Trends to 2020

A retail revolution

Dissolving the barrier between the physical and digital worlds

Growing up in Belfast in the 1960s I remember milkmen, bread vans, fishmongers and a butcher all delivering fresh produce to our home.  Over the next 40 years these tradesmen virtually disappeared as the supermarket chains developed.  But I believe we are in the midst of a retail revolution that will bring back much of this convenience and personalisation.

Two elements will make this work. First, making ordering and getting the goods to your home fun and easy. Secondly, dissolving the barrier between the physical and digital worlds.

Tesco recently won an innovation award for its Korean subsidiary. In some underground stations in Seoul life-sized posters of Tesco’s shopping aisles have been put up along the platforms. Commuters can walk up and down the posters shopping using their smartphones to read the QR codes on the posters. Similar posters were recently put up at Gatwick airport. A great and fun use of dead time!

In the UK, John Lewis offers a “click by 7pm, collect next day from 2pm” service.  Indeed all the major supermarkets offer a delivery service which strangely starts to feel like Belfast back in the 1960s! Tesco recently announced that it was expanding the number of its so called “dark” stores, which are designed simply to fulfil online orders from customers in the area.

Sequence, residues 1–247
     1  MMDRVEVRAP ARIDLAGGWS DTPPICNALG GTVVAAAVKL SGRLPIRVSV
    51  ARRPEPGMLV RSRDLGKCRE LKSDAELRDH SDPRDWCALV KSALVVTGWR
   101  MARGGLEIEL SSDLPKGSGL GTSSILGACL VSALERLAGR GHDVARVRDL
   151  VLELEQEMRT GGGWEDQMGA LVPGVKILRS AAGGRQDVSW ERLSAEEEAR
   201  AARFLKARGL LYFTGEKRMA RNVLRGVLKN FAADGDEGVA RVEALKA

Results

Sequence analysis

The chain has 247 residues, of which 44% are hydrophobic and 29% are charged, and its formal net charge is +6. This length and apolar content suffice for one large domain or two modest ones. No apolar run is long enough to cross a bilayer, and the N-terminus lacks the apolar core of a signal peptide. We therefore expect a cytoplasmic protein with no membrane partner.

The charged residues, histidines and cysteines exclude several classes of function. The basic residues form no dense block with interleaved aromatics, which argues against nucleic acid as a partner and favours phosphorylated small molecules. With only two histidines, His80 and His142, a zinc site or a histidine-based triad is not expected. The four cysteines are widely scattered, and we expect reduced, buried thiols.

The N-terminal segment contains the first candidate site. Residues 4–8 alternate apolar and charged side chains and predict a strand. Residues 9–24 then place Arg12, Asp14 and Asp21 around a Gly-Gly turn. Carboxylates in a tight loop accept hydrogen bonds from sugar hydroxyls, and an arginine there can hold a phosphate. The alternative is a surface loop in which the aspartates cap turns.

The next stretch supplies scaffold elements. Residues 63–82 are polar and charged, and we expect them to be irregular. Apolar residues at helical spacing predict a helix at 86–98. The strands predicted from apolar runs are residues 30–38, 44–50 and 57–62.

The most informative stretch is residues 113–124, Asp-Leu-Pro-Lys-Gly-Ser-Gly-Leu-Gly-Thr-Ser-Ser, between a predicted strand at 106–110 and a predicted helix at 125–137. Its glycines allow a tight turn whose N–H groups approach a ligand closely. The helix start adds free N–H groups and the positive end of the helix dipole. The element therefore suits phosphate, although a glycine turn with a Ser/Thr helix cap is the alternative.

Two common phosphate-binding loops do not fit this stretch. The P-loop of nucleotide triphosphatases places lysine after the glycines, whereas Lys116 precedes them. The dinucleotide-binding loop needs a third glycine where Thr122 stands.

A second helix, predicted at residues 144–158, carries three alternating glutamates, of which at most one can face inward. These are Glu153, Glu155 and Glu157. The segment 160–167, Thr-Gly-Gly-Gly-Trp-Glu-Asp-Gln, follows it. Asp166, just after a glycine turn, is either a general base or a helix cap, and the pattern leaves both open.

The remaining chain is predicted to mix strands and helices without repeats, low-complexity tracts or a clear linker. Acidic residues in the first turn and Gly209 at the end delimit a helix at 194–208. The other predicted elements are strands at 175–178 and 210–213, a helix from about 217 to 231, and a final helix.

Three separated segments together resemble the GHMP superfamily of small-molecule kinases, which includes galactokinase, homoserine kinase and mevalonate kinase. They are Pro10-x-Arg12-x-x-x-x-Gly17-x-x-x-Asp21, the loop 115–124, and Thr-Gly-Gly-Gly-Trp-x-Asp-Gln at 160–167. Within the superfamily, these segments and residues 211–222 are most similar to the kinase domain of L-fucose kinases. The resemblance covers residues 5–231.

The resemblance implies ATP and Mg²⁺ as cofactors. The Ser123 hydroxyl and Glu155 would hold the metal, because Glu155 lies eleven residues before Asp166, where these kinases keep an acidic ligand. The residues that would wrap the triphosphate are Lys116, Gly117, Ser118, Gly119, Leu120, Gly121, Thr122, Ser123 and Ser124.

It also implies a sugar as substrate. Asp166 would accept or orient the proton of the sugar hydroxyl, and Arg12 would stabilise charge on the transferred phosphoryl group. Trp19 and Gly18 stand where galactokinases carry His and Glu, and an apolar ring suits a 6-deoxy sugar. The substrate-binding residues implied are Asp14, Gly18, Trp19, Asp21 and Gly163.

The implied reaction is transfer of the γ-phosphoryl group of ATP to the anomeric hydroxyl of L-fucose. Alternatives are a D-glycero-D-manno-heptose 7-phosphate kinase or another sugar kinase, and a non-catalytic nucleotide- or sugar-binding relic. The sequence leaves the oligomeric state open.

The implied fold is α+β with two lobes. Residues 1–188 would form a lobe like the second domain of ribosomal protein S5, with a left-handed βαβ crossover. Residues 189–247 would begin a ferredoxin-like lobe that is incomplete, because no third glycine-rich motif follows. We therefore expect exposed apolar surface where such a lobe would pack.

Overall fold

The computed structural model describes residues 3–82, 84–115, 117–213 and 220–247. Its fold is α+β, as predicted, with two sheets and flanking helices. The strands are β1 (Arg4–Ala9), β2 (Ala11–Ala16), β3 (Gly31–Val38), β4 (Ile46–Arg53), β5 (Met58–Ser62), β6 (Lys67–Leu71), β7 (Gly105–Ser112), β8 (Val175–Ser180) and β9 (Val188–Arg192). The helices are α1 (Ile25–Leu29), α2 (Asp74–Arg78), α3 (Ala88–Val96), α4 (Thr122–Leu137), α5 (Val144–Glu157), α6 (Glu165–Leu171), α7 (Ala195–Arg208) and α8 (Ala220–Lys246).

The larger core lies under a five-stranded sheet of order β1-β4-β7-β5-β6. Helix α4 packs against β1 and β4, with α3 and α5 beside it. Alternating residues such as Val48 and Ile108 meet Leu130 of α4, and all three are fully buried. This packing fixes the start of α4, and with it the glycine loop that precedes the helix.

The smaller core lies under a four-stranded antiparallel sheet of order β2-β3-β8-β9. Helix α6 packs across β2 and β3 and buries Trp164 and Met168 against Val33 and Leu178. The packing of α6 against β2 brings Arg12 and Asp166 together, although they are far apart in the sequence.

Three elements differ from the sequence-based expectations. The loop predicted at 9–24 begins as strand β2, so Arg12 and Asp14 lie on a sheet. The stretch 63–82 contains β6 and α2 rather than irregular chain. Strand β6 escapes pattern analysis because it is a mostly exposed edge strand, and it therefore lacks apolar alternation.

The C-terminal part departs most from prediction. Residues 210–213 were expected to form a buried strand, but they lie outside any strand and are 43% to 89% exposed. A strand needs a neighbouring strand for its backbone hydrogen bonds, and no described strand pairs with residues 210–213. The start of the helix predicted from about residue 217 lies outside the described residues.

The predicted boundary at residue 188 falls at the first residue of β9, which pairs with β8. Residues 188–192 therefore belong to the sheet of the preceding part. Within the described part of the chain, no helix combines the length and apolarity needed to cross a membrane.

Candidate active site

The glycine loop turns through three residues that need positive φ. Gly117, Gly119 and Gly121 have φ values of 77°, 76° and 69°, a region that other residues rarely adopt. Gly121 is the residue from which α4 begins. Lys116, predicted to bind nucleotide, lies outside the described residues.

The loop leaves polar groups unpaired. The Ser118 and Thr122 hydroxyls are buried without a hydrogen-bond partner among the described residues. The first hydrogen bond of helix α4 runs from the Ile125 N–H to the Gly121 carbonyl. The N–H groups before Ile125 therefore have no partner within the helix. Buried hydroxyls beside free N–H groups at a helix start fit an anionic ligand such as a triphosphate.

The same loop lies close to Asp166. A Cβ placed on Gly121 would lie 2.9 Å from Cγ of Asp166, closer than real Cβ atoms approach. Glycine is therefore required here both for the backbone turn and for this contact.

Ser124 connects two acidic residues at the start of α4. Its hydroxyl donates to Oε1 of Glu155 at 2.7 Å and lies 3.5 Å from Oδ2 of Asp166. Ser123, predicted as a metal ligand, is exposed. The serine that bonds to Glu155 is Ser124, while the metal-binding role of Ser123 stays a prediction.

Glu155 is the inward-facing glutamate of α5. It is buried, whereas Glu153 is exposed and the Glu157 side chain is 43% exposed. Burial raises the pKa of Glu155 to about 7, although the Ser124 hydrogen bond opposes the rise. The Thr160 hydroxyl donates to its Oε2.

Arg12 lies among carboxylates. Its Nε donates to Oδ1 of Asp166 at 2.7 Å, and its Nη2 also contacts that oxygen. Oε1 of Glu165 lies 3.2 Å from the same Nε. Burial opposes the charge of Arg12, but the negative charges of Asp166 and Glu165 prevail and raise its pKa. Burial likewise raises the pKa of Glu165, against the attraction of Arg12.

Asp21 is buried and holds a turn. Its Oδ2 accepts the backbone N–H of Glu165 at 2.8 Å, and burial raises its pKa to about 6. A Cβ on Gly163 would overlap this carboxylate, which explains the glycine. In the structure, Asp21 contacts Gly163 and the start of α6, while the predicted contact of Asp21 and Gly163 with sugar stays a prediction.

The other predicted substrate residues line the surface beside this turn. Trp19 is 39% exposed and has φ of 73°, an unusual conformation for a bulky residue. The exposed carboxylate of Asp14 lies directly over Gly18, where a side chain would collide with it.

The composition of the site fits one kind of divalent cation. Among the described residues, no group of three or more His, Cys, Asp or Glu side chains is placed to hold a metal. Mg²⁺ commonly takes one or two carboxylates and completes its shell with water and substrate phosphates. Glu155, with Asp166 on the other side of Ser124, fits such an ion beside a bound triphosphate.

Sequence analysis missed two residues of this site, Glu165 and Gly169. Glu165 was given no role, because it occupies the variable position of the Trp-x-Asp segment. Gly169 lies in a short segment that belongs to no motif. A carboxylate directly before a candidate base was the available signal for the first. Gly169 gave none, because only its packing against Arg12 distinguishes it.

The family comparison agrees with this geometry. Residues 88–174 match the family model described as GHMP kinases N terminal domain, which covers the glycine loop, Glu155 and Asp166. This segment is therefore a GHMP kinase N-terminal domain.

However making the online experience richer may be the next step. Tesco is looking to launch a 3D experience for home shopping. Imagine flying through a supermarket and being able to move up and down the aisles looking at different types of goods … without leaving your living room.  

Clothes shopping is also moving with the times. Various start-ups are looking to use clever technology to make the shopping experience better both for the customer and for the shop.  

Von Bismark (from Ireland!) is using the Xbox Kinect to allow shoppers to look at themselves on a screen and then see how virtual clothes and different accessories suit them. For the right age group, it is fun and natural. Indeed if they like the look the shopper can post the photograph on Facebook. The shop benefits because it is able to analyse the data and understand what colours and garments suit different demographic groups.

Verisize from Spain makes it easier for customers to order the right size. The customers enter their size, weight, and age and body type. The shop has a better chance of sending out a garment which fits. Ultimately this means fewer returns and higher profits. Of course it relies on the customer being honest!

By 2020 most of us will have accurate body scans stored online and it will be as easy to order uniquely styled clothes as it is to buy a book from Amazon today. Shopping at home will be immersive and some people will never need to walk into a shop.  

As always in this column, I ask a simple question. Who in your organisation is responsible for scanning how advances in technology, perhaps driven by innovative start-ups, impact your industry?

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Tags: belfast, gatwick, john lewis, leadership, qr code, retail, revolution, tesco

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Adam Bates is a KPMG partner responsible for the risk management practice. He has also recently taken on responsibility for driving innovation, creativity and futurist thinking at KPMG.

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